The microprocessor control made it possible at full load to place the level for maximum charge pressure slightly below the boundary for knock to increase engine performance for a given fuel quality. However, since the safety margins to harmful knock are thus quite small, the system was supplemented for safety reasons with a knock sensor 22, which in the test engine consisted of a piezo-electric accelerometer mounted on the engine block, continuously monitoring the engine for knocking operation. The processor was programmed to lower the charge pressure in steps upon registering of a predetermined knock intensity, and as the knocking ceases to restore at a slower rate the charge pressure to the original value.
The control system shown in FIG. 1 also includes a safety device in the form of a pressure switch 23 mounted on the intake manifold. This switch shuts off the fuel pump if a fault should occur in the system resulting in the charge pressure exceeding the permissible value.
A comparison of the test results from the mentioned engine with a conventional charge pressure control and the test results from a modified engine with a control system according to the invention in which the maximum power of 114 kW at steady operating state was maintained, i.e. the same power as the firstmentioned engine, revealed that an increase of maximum torque of about 10% could be obtained in the latter. Fuel consumption in mixed driving was about 16% lower than in the standard engine and the acceleration time from 90 to 140 km/h could be shortened by about 9%. These figures are without the use of the transient function. Maximum transient power amounted to about 145 kW, which resulted in a shortening of the acceleration time from 90 to 140 km/h by an addition of 11%, thus a total of 20% shorter time than with the standard engine.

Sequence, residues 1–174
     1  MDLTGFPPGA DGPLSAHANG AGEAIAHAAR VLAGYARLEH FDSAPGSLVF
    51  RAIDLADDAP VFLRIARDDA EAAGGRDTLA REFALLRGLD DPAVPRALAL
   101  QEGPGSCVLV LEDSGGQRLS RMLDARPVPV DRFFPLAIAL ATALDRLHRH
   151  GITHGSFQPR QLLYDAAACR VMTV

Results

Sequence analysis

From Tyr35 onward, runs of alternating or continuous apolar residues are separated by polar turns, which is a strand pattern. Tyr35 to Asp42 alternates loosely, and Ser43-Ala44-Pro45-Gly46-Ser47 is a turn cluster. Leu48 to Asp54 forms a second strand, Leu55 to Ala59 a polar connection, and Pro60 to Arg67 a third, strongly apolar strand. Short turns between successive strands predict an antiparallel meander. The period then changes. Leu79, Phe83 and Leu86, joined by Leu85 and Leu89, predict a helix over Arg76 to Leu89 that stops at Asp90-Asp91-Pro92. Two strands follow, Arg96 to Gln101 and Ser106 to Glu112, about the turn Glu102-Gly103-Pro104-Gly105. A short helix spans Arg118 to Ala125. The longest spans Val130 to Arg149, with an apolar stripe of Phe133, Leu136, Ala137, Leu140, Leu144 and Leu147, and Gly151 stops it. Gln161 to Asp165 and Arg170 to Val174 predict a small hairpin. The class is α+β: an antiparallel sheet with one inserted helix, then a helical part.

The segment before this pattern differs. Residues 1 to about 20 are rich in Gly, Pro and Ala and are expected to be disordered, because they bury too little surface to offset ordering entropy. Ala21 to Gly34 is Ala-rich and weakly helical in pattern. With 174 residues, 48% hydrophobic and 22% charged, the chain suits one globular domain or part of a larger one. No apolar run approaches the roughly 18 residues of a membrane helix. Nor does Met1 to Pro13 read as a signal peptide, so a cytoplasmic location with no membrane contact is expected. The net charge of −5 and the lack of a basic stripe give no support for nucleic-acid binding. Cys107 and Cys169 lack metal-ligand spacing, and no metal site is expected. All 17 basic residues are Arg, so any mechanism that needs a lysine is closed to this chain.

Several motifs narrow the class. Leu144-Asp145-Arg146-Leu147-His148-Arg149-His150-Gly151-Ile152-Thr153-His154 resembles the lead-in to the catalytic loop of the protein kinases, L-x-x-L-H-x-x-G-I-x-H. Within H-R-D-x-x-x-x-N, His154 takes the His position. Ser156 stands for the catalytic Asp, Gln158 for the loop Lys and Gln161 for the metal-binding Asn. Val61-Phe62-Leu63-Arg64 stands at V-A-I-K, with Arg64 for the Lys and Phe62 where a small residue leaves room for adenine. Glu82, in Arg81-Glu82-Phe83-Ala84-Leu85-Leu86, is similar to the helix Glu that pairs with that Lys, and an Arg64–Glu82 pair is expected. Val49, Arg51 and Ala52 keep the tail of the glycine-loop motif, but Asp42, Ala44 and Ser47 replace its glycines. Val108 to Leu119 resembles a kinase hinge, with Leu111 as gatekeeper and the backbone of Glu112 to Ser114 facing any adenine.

The above figures thus indicate that the system according to the invention makes possible a substantial increase in engine performance and fuel economy. However, the system described above is only an example and can be developed to take into account additional parameters, such as for example gear position, temperature of the engine and transmission, airpressure etc., so that various control methods for charge pressure control can be used for varying driving conditions. The invention is of course not limited to turbocharged engines with charge pressure regulators on the exhaust side, but can also be used in other turbocharged engines, for example those with variable turbine geometry, variable choke etc., and those which have a regulator on the compressor side. Nor is the invention limited to control of the charge pressure with the aid of a microprocessor. Rather, analog control devices can be used even though microprocessor control is preferable, since charge pressure control can be included at low cost in an integrated system which also controls ignition and fuel supply.
The invention has been described in the preceding with reference to an embodiment in a turbocharged engine. Even though the principle of the invention has its primary application in such engines, the principle of precise control of the inlet pressure as a function of engine speed is also applicable to aspirated engines, e.g. aspirated engines which are boosted by high compression ratios, with control being effected directly at the engine throttle. Instead of direct measurement of the inlet pressure as described above, the pressure can be measured indirectly by measuring the airflow and computing the pressure with the help of the engine speed.